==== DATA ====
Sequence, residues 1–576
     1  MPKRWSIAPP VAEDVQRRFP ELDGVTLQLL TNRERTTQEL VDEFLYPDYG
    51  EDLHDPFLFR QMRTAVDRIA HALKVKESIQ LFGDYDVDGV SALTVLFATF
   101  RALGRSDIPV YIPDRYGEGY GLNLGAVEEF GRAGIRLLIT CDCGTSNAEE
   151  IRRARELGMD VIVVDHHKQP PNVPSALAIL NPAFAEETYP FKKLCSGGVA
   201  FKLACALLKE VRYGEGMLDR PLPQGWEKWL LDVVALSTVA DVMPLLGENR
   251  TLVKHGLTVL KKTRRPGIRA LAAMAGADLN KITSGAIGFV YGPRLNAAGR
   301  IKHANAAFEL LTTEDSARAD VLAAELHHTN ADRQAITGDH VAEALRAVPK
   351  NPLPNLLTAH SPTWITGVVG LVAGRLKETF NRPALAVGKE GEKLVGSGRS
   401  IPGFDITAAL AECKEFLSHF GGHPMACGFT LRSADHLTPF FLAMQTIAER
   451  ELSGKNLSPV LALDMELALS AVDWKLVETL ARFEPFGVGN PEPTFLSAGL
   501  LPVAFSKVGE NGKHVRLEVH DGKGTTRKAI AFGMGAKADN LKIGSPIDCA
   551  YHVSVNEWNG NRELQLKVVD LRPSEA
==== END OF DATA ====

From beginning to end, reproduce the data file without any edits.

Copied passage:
Sequence, residues 1–576
     1  MPKRWSIAPP VAEDVQRRFP ELDGVTLQLL TNRERTTQEL VDEFLYPDYG
    51  EDLHDPFLFR QMRTAVDRIA HALKVKESIQ LFGDYDVDGV SALTVLFATF
   101  RALGRSDIPV YIPDRYGEGY GLNLGAVEEF GRAGIRLLIT CDCGTSNAEE
   151  IRRARELGMD VIVVDHHKQP PNVPSALAIL NPAFAEETYP FKKLCSGGVA
   201  FKLACALLKE VRYGEGMLDR PLPQGWEKWL LDVVALSTVA DVMPLLGENR
   251  TLVKHGLTVL KKTRRPGIRA LAAMAGADLN KITSGAIGFV YGPRLNAAGR
   301  IKHANAAFEL LTTEDSARAD VLAAELHHTN ADRQAITGDH VAEALRAVPK
   351  NPLPNLLTAH SPTWITGVVG LVAGRLKETF NRPALAVGKE GEKLVGSGRS
   401  IPGFDITAAL AECKEFLSHF GGHPMACGFT LRSADHLTPF FLAMQTIAER
   451  ELSGKNLSPV LALDMELALS AVDWKLVETL ARFEPFGVGN PEPTFLSAGL
   501  LPVAFSKVGE NGKHVRLEVH DGKGTTRKAI AFGMGAKADN LKIGSPIDCA
   551  YHVSVNEWNG NRELQLKVVD LRPSEA